Istanbul Mayor Ekrem İmamoğlu has given an interview to Russian daily Kommersant, during which he said that he had “enough patience” to wait and see the ruling government lose power and “go away through democratic procedures.”
“They are currently in the rulership, but they will not be there tomorrow. I would like to recall the current president's previous remark that 'If Istanbul is lost, so is Turkey,'” İmamoğlu said, referring to the ruling Justice and Development Party's (AKP) humiliating loss in the Istanbul municipal elections in 2019.
“They are understanding that they are about to lose the power and they have little time left. We have enough patience to wait for this rulership to go away through democratic procedures,” Russian news agency Sputnik's Turkish service quoted the mayor as saying on Oct. 18.
İmamoğlu made the remarks when asked about the Istanbul Municipality's conflicts with the government, as seen through the latest example of the Turkey Youth Foundation (TÜGVA), an Islamist foundation controlled by President Recep Tayyip Erdoğan's son Bilal Erdoğan.
Earlier in October, TÜGVA refused to vacate a municipality-owned hall in Istanbul’s Prince’s Islands and received the support of the police. The Interior Ministry sent police units to the island to prevent the municipal teams from enforcing a court eviction order.
“These [conflicts] are being experienced periodically. We are not in a special effort of going through a conflict. Some of the representatives of the central government are provoking them. While they think that such incidents are beneficial for themselves, we are always on the side of the law and are protecting our interests until the end. We are always saying that these people are impermanent,” İmamoğlu said.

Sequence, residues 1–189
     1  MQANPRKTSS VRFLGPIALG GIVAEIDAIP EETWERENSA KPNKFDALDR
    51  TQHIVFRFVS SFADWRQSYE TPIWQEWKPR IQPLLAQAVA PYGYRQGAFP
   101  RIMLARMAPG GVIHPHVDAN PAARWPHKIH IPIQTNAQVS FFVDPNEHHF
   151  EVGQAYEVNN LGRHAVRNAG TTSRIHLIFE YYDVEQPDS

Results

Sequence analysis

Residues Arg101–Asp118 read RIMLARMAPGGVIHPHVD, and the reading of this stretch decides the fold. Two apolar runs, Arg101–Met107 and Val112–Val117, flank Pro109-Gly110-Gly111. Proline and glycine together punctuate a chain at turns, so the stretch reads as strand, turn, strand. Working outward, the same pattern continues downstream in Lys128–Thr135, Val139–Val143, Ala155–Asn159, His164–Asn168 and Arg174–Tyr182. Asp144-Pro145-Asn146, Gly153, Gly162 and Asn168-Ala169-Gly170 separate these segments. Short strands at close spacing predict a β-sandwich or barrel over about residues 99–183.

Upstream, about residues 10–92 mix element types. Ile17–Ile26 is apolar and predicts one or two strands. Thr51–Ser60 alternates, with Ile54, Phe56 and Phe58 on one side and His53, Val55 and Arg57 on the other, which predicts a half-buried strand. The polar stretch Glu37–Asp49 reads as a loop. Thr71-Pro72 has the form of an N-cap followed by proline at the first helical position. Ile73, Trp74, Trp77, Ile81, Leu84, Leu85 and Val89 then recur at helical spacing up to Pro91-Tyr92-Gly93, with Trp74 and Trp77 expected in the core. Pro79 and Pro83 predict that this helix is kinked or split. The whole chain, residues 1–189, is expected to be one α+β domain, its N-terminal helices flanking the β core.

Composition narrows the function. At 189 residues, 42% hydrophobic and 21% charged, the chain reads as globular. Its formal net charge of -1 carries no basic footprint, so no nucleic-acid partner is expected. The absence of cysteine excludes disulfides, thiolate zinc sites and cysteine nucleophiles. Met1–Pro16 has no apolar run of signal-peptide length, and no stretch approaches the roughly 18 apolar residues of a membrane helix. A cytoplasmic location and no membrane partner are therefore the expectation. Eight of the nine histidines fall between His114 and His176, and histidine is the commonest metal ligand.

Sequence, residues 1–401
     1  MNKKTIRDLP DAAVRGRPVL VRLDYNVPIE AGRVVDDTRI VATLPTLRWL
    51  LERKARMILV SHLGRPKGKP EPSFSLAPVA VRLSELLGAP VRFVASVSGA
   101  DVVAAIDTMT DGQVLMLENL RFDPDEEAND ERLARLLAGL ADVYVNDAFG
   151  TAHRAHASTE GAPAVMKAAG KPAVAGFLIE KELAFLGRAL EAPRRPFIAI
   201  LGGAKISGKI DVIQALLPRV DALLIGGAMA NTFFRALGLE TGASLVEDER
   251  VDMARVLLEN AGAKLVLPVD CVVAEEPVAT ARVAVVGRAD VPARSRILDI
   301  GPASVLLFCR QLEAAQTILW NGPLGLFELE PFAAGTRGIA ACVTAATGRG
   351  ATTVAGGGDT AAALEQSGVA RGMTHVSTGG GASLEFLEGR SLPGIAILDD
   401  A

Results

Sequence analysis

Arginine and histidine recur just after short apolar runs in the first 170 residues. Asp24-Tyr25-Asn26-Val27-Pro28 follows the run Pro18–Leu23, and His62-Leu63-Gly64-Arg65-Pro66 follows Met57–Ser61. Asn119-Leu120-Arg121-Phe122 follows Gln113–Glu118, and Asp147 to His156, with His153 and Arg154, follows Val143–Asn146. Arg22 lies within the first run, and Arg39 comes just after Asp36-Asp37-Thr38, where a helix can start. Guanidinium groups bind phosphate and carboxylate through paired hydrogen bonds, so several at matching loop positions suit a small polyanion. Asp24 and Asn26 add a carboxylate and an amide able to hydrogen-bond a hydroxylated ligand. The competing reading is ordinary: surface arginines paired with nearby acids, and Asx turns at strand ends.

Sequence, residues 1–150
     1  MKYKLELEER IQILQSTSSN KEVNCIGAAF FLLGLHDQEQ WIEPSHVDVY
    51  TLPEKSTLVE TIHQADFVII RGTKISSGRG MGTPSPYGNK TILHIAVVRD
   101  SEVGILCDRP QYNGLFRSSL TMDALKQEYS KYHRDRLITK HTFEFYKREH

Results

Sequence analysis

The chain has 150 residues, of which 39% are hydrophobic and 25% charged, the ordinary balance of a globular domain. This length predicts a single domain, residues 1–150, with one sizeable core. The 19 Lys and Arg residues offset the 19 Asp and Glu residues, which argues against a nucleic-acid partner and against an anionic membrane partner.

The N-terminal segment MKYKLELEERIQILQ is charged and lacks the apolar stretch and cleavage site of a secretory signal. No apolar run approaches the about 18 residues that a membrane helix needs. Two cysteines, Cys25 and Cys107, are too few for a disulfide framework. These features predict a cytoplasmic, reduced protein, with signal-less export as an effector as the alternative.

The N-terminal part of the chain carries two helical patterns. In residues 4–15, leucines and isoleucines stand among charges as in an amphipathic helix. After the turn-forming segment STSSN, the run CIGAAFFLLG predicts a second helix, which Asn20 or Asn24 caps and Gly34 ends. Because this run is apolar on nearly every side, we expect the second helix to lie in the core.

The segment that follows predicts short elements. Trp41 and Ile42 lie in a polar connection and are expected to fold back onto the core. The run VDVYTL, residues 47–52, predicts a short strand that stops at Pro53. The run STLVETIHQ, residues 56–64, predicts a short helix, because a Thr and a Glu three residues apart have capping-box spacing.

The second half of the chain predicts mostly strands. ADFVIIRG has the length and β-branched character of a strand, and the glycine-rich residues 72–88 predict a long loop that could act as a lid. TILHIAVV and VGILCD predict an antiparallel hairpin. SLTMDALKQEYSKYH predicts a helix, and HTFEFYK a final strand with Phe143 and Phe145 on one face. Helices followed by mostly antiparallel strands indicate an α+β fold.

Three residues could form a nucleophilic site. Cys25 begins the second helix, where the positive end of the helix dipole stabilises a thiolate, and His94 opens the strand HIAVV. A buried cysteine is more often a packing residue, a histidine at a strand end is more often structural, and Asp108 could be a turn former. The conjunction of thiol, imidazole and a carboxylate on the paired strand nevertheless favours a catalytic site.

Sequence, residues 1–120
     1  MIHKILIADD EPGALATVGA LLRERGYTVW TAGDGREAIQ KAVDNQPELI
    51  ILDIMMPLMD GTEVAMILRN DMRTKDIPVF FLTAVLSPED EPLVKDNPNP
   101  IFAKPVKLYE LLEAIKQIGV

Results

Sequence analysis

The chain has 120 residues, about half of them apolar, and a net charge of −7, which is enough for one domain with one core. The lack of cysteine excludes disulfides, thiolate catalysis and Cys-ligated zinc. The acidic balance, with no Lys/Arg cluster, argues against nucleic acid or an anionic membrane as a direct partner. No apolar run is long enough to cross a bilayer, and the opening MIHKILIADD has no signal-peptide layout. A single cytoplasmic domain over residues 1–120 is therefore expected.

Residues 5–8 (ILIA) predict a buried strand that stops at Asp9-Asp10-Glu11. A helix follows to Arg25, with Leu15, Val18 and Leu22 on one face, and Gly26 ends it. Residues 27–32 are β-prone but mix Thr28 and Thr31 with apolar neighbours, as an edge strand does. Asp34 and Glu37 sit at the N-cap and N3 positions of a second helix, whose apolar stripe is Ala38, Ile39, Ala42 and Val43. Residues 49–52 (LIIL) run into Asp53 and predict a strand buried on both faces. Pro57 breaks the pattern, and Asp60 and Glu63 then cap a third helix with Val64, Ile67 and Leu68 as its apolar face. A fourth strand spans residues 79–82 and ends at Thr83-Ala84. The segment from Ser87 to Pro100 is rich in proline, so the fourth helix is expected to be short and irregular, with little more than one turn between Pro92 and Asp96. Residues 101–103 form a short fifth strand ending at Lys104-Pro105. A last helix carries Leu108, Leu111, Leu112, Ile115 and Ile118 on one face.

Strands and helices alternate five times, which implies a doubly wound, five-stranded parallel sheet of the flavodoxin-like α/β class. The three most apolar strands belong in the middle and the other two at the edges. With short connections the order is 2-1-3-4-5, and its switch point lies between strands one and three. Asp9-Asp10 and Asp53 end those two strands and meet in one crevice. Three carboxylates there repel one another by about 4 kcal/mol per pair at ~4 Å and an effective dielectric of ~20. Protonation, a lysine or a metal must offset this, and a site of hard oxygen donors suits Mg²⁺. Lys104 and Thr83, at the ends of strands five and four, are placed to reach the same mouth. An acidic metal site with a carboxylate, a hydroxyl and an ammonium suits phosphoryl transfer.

İmamoğlu, from the main opposition Republican People's Party (CHP), is the first politician to have defeated the ruling AKP in the race for the Istanbul Municipality in 2019, since 25 years ago.
Amid discussions of the opposition about a presidential candidate, İmamoğlu is frequently asked when and if he will run for the country's presidency.
Faced with the same question by the Russian daily, İmamoğlu said that the opposition alliance has for now left “personal preferences and ambitions” to the side and that it “will put forward the best [presidential] candidate.”
“Do you remember how I became a candidate for the Istanbul mayorship? They have offered it to me, and I accepted it. I believe that the opposition alliance will work on this issue and will put forward the best candidate,” he said.
Turkey’s next presidential elections are scheduled for 2023, but opposition parties signal their possible coordination to field a joint candidate to challenge President Recep Tayyip Erdoğan.